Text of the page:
If you’re unaware, Neil Gaiman has already dabbled with Norse Mythology in his book by the same name. It’s short and to the point, retelling the ancient tale which features Thor, Loki, and all the rest. He’s now told it once more but in the comic book format. Backed up by comic book legends P. Craig Russell, Mike Mignola, and Jerry Ordway, this crew aims to tell the ancient tale in a visually stunning way. This is not your Marvel Comics Norse mythology, but something a lot older and in many ways richer.
Like a storybook, this work is more like well-chosen bits of art with melodic words written over them via captions. There are word balloons, but it takes a bit to get there. That’s because this issue serves as a creation myth for much of its page count. Gaiman is explaining to the reader how the world was created and the many factions and rules that make it whole and real. Told in three parts, the story moves from how the world is made up, a story of Odin, and finally, a great injustice made by Loki on his brother Thor’s wife. Each story is broken up via a chapter title and a different artist. It’s an interesting comic book experience like none other and it’ll hit the spot if you’re in the mood for a warm and endearing sort of tale.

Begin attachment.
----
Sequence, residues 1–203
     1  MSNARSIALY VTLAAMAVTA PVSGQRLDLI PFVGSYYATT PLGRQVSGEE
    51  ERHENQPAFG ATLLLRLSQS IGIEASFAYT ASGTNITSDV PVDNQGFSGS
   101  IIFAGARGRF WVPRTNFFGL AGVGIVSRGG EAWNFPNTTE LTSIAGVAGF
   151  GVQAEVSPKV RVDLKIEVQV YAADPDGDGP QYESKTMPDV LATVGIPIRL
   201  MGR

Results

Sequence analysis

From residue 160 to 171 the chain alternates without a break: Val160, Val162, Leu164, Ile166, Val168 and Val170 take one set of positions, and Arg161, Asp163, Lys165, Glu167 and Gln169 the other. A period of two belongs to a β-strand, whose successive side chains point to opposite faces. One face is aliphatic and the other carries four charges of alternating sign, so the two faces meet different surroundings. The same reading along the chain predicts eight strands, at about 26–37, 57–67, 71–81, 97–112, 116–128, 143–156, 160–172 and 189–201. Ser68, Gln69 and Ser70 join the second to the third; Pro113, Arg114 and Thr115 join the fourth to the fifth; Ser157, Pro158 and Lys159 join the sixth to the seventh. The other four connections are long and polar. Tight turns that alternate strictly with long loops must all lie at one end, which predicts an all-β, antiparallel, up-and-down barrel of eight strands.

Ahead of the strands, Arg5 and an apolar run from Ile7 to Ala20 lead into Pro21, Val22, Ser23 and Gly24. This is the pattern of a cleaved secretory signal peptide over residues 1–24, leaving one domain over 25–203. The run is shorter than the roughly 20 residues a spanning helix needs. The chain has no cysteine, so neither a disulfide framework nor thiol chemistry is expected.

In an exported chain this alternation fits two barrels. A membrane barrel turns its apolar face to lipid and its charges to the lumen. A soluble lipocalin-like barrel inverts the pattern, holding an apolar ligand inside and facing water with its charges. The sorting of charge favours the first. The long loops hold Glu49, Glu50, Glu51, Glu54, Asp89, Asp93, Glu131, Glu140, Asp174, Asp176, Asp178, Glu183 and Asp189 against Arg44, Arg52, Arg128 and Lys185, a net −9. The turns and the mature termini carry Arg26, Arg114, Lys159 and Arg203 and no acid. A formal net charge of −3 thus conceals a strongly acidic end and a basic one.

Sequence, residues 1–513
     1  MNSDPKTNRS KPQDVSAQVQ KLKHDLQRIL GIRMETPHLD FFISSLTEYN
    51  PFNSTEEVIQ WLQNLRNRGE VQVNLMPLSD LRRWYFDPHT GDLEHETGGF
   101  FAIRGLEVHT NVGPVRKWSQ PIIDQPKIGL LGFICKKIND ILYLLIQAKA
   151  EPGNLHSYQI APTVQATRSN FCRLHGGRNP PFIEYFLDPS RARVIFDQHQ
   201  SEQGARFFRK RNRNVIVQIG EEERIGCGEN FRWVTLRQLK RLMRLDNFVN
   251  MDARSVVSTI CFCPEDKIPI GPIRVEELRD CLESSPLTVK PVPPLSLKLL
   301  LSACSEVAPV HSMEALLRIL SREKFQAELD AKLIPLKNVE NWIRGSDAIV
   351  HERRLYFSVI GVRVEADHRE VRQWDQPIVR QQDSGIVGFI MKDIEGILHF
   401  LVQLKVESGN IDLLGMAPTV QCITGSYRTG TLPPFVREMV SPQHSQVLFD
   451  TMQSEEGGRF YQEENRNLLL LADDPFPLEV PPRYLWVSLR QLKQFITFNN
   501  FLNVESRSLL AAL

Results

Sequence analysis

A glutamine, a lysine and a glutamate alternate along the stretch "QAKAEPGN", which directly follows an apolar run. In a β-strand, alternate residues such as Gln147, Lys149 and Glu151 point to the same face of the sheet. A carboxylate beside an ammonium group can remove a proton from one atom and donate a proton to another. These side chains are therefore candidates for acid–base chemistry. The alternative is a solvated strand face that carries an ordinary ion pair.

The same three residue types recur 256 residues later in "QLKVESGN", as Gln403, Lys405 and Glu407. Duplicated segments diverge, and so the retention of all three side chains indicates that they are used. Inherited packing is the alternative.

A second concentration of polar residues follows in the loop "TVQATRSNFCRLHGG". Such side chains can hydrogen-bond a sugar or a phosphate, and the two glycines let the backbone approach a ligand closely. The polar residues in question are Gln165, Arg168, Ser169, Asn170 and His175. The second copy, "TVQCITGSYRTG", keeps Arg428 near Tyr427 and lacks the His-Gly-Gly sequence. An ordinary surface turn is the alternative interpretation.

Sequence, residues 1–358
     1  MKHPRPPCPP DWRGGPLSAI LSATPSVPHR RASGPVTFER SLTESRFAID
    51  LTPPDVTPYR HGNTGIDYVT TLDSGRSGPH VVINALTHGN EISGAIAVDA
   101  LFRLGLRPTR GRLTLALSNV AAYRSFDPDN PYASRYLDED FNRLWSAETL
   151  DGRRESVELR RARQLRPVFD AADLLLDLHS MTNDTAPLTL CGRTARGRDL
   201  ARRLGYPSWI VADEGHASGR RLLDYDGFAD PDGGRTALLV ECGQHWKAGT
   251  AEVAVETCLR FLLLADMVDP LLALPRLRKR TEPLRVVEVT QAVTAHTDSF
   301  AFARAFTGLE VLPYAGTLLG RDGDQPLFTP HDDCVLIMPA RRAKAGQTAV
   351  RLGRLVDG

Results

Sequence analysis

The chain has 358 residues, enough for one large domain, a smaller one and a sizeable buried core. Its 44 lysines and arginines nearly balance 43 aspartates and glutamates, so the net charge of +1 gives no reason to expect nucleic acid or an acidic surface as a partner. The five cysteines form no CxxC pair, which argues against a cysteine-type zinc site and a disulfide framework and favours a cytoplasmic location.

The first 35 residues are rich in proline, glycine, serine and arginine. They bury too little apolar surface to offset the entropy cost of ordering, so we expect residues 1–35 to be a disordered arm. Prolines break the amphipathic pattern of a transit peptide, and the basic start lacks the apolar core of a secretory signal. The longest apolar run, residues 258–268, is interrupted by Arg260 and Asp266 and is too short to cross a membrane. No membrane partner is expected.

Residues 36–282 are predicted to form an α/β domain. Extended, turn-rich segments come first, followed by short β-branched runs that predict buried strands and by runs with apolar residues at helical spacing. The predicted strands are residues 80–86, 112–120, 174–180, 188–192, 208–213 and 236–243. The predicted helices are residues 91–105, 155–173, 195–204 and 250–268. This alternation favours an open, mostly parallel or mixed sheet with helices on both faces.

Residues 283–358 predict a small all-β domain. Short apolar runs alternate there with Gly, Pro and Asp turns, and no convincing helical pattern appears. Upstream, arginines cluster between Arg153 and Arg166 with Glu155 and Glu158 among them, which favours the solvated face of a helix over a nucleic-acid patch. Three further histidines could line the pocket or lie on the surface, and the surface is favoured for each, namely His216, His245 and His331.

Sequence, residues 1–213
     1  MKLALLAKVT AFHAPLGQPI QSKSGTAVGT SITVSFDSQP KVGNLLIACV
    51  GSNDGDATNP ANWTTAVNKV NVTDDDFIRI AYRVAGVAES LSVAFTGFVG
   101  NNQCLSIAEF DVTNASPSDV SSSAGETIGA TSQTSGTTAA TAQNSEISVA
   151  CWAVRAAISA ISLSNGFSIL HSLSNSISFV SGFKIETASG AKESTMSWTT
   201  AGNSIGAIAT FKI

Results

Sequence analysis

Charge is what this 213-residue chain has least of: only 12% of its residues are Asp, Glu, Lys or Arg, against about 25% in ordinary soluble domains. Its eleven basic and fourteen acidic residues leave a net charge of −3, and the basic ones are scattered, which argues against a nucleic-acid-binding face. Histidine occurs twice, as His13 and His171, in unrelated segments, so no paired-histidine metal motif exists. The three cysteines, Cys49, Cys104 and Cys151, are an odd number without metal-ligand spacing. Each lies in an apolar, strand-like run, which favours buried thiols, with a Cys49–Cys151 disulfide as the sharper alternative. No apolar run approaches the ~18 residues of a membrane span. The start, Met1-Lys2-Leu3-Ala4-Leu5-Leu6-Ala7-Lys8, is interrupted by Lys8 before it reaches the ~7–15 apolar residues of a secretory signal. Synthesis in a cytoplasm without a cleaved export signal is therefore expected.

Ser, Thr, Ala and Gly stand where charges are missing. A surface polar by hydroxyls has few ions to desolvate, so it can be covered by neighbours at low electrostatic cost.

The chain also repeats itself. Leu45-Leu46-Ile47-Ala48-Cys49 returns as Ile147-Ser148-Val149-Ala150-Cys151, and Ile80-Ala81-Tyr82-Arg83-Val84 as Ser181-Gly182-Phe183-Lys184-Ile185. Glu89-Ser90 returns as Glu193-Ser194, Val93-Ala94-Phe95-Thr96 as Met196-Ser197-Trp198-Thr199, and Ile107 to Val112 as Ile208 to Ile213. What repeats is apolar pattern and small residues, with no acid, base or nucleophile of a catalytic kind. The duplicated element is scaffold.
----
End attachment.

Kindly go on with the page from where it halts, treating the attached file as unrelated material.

The book opens with art by Russell in a creation story about the Norse world called “Yggdrasil and the Nine Worlds.” It’s rendered with panels stacked on top of each other, at times in more conventional ways, but always looking beautiful. Each panel is like a story in itself, with great colors by Lovern Kindzierski. The story is timeless, epic in nature, and will capture your imagination. If you’re unfamiliar with the original nature of Asgard you’ll want to give this a look.
Following this is a story drawn by Mike Mignola called “Mimir’s Head and Odin’s Eye” which is structured a bit more conventional. It’s a tale involving Odin who gives up his eye for great power. Colored by Dave Stewart, the story is unmistakably Mignola-esque right down the monsters and brooding nature. It has a simpler look than the previous story which gives it a more focused look at Odin and his journey.
The final story is called “The Treasures of the Gods” and is drawn by Ordway with colors by Kindzierski. The art style once again changes quite a bit, using a more hyperrealistic look in this chunk of the book. Focusing on Thor, we learn Loki has stolen Thor’s wife’s hair. Thor will have none of that, and soon we see Thor at his brother’s throat. This story opens up the nature of Asgard and how it functions as a real society. Ending the book on this story also makes the series feel like it’s reaching a reality that is more tethered to our own and less like a legend or story made up from whole cloth.
Norse Mythology is as if a classic storybook from your childhood crept up and hid itself on your bookshelf only for you to find it years later. All told, this three-chapter first issue opens on an imaginative fantasy world as if dreamed up by Gaiman himself, slowly pulls itself up with a magical tale of Odin, and brings itself to a more realistic place by the book’s end. This comic is a good reminder stories deserve to be told in multiple formats; from novelizations to comic books, each holds intrinsic value in telling a different side of the story. Now, if my exclusive Bill Sienkiewicz variant cover can arrive in the mail I’ll be right as rain.